A Woman to Know: Julie d'Aubigny

Beautiful, valiant, generous and superbly unchaste, she represents a perfect if markedly individual example of the Dame Galante. — author Cameron Rogers

(image via Wikimedia Commons)

My favorite thing about Julie is that her Wikipedia page includes an entire section titled: "Youth and wild reputation."

That's because as a teenager, Julie didn't join French women in ballroom dancing, courting and society gathering. Instead, Julie's dad taught his young daughter everything she knew about fencing, gambling, sword-fighting and dressing like a man. After his death in the early 17th century, she truly did go wild: singing in bar houses, brawling in public and openly dating women.

According to one legend, Julie carried on an affair with a young lady in a convent. She orchestrated an elaborate scheme: the two lovers absconded in the dead of night, digging up a nun's dead body to hide it in the girl's bed as a decoy -- and then they set the convent on fire. The French court tried Julie with arson, kidnapping and body snatching -- and, so the legend goes, the lawyers even tried her as a man.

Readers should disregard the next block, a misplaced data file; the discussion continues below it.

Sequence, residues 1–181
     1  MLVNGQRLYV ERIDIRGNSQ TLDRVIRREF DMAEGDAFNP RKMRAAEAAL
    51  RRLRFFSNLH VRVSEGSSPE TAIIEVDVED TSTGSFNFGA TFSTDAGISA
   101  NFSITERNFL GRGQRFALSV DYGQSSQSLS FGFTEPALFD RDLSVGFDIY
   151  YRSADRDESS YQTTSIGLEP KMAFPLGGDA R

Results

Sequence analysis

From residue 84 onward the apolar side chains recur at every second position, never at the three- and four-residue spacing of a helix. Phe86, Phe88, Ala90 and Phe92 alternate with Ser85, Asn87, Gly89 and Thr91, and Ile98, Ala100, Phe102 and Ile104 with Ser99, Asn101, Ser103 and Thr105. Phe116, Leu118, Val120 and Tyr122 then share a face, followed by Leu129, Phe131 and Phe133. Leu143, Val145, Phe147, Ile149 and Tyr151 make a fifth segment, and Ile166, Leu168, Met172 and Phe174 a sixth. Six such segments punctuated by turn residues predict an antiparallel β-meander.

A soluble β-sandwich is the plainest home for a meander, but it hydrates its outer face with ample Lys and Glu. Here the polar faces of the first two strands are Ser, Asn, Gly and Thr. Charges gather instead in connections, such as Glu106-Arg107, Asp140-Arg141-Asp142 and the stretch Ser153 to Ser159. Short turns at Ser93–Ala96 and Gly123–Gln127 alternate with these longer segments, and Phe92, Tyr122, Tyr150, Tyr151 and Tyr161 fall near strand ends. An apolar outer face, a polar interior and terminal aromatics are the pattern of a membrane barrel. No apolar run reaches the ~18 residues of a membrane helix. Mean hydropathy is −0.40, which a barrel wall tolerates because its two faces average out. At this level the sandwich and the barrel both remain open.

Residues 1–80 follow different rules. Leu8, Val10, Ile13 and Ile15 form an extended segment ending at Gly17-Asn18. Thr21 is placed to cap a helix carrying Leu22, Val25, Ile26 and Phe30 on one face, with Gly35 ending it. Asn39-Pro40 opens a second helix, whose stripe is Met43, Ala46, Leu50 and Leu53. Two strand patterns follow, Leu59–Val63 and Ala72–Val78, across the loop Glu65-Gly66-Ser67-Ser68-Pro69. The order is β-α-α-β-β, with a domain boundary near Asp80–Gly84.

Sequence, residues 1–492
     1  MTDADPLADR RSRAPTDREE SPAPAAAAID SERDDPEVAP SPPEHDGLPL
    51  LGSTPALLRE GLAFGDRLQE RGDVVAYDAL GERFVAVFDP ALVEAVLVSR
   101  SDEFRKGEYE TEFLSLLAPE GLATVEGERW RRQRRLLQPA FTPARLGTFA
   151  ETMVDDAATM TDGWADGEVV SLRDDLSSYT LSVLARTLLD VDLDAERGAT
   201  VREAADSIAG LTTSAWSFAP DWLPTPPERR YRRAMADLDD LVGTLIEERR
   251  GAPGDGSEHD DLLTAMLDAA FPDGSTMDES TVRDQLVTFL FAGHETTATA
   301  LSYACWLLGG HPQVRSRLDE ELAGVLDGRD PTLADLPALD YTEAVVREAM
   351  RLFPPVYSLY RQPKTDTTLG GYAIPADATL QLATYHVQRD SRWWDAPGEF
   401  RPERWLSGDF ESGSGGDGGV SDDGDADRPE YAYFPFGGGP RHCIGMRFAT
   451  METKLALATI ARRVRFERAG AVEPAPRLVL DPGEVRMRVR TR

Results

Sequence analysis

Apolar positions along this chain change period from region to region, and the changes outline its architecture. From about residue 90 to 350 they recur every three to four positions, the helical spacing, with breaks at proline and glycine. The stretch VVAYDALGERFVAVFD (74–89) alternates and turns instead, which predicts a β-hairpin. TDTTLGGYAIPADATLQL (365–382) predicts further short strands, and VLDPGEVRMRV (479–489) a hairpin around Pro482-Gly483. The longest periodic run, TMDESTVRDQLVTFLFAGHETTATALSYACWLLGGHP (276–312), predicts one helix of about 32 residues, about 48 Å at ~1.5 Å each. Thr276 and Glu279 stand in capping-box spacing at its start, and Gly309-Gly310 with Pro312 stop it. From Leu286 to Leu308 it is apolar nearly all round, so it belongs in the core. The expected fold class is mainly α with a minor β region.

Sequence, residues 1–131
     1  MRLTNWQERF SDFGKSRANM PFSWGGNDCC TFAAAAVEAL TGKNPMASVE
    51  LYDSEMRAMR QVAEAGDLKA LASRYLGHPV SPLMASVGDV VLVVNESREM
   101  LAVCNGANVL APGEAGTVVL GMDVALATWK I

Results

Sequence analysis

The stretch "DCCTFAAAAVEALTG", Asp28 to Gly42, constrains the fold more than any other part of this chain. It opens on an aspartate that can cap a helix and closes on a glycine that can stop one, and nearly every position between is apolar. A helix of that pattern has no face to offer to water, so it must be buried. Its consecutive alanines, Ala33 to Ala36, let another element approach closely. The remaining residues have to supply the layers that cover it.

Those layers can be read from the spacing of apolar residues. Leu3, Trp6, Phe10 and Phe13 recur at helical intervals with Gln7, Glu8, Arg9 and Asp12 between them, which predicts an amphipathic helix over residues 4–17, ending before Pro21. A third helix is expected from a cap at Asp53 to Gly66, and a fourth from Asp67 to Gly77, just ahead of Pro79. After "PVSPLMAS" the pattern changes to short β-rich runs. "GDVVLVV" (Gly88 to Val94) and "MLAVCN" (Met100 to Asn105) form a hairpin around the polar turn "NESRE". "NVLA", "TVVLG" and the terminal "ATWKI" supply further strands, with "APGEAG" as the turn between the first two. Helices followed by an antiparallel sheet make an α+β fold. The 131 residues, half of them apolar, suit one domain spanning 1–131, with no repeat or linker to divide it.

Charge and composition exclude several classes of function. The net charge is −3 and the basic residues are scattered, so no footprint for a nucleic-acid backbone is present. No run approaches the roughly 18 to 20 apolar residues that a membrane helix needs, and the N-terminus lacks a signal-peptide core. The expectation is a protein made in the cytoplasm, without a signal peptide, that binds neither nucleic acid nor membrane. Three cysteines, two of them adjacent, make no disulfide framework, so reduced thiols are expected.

In 1690, she joined the French Opera, where she channeled her talents to more "prestigious" ends. After she starred in several renowned performances, one critic called hers "the most beautiful voice in the world." But Julie's life at the opera was far from without drama -- she continued to kiss women publicly and challenge men to duels. At 33, she entertained a tumultuous affair with Madame la Marquise de Florensac, at the time the most beautiful woman in all of Europe. When the Madame died in 1705, Julie retired from the opera. She died alone a few years later, buried in an unmarked grave.

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